- One million species face extinction.
- Air pollution, the greatest environmental threat to public health globally, accounts for an estimated 7 million premature deaths every year.
- And 11 million metric tons of plastic waste enter our ocean every year.
- At the same time, the world produces 50 million tons of e-waste.
- The climate crisis is causing more frequent extreme weather events such as storms and droughts, which worsen food and water scarcity.
In spite of all the above, there is still a big gap. It is about the gap between what the world needs to spend to adapt and what it is actually spending is widening.
In fact, the UN reports that the estimated costs of adaptation continue to rise and could reach US$280-500 billion per year by 2050 for developing countries alone.
Time is running out
Time is running out, and nature is in emergency mode, warns the UN.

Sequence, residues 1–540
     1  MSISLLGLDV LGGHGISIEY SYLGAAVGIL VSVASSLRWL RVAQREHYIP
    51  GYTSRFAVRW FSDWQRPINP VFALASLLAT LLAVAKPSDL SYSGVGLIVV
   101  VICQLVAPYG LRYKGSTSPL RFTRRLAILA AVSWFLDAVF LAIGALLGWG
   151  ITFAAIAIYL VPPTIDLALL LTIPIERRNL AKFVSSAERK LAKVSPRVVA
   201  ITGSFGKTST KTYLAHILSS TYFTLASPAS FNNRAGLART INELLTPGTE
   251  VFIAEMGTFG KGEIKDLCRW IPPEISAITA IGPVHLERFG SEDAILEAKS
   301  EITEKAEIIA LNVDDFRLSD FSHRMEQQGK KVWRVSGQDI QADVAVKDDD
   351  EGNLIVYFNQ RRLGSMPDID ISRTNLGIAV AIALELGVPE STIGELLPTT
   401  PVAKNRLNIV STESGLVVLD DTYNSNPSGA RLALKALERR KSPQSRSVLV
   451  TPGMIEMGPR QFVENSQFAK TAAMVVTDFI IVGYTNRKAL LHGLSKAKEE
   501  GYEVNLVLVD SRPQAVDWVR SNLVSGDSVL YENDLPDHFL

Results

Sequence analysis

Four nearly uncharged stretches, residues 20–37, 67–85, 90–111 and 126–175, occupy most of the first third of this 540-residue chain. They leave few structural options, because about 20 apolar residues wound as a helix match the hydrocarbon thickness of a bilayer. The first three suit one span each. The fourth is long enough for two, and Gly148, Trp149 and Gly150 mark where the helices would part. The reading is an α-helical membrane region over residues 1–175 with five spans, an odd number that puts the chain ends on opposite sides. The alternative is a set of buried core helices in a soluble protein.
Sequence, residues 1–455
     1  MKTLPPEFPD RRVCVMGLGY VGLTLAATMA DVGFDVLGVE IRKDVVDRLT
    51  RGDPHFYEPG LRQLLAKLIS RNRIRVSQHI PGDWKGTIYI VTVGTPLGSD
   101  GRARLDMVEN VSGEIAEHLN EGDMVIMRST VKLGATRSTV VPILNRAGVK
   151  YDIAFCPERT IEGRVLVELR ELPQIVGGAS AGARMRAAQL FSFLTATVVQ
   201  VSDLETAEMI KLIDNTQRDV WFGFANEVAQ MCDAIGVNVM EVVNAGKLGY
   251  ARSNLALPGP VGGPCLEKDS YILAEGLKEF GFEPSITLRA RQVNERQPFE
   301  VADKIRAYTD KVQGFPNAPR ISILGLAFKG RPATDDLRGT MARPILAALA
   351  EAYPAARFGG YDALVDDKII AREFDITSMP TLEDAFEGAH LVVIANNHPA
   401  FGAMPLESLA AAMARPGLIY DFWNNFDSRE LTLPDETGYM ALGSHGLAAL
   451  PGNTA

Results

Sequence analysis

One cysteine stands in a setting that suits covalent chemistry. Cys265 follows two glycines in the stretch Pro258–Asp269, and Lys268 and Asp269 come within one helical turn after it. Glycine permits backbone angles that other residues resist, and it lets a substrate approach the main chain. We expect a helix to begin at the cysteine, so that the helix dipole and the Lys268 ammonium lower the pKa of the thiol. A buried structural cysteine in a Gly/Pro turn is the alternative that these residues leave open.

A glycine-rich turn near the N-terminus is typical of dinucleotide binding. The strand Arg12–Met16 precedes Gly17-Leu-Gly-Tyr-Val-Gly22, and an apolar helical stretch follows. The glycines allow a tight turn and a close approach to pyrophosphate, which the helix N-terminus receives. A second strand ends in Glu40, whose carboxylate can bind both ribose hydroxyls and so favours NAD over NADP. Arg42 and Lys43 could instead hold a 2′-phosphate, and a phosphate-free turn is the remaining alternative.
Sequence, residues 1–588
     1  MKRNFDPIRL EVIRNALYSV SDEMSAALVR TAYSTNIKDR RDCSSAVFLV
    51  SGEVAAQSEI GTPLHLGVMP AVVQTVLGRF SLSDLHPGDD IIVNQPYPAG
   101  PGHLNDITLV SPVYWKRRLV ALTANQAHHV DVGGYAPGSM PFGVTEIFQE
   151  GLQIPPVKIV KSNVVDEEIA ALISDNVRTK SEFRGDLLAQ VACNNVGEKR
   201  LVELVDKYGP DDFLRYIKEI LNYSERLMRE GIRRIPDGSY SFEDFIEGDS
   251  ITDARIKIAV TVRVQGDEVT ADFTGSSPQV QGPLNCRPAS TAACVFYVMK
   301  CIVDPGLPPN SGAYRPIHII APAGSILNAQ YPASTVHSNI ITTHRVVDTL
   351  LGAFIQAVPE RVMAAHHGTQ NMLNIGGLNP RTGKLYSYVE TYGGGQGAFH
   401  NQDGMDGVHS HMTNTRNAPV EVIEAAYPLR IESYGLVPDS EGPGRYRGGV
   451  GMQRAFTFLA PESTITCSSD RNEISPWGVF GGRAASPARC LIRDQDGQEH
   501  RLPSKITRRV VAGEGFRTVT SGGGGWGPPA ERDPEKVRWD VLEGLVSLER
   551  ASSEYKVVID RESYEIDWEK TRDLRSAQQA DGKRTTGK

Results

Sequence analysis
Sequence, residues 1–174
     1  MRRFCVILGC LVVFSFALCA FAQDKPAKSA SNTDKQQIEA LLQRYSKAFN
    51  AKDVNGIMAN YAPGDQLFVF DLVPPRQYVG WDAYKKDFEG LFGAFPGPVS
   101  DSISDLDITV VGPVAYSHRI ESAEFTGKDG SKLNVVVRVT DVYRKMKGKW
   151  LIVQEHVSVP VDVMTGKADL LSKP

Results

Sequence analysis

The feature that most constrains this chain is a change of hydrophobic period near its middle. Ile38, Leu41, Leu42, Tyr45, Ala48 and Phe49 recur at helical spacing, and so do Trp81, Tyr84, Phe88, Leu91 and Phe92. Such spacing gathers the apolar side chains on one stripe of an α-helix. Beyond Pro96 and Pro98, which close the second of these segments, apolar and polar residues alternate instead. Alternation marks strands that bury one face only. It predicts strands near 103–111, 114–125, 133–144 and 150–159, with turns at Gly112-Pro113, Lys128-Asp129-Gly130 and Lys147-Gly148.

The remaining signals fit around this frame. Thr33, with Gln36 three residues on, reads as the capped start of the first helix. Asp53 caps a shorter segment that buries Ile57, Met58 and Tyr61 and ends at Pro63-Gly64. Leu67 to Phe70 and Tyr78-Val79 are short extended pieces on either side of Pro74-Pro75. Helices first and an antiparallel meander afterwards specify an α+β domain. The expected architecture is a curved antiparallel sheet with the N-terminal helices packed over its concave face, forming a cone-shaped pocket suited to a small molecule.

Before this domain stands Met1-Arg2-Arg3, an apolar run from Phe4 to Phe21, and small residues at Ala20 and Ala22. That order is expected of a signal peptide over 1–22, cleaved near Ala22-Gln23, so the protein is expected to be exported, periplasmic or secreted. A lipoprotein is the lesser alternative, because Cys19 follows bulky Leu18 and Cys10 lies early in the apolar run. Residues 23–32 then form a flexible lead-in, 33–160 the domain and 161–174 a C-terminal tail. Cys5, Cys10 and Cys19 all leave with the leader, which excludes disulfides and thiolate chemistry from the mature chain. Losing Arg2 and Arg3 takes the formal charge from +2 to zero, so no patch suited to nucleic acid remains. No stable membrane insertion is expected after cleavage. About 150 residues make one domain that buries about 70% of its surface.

“Without action, exposure to air pollution beyond safe guidelines will increase by 50% within the decade and plastic waste flowing into aquatic ecosystems will nearly triple by 2040.”
Half a century ago…
The “Only One Earth” theme of the World Environment Day was the slogan for the first United Nations Conference on the Human Environment, held in Stockholm in June 1972. Since then, a full half a century has elapsed. And the situation is getting dangerously worse.
Just ahead of this year’s World Environment Day, world leaders and representatives from governments, business, international organisations, civil society and youth, gathered on 2 and 3 June 2022 in Sweden for the Stockholm+50 – an international meeting to drive action towards a healthy planet for all.
Any way out?
Maybe. According to the UN, key areas for transformation include “how we build and live in our homes, cities and places of work and worship, how and where our money is invested…”
“But others of greater magnitude include: energy, production systems, global trade and transport systems, and protection of biodiversity.”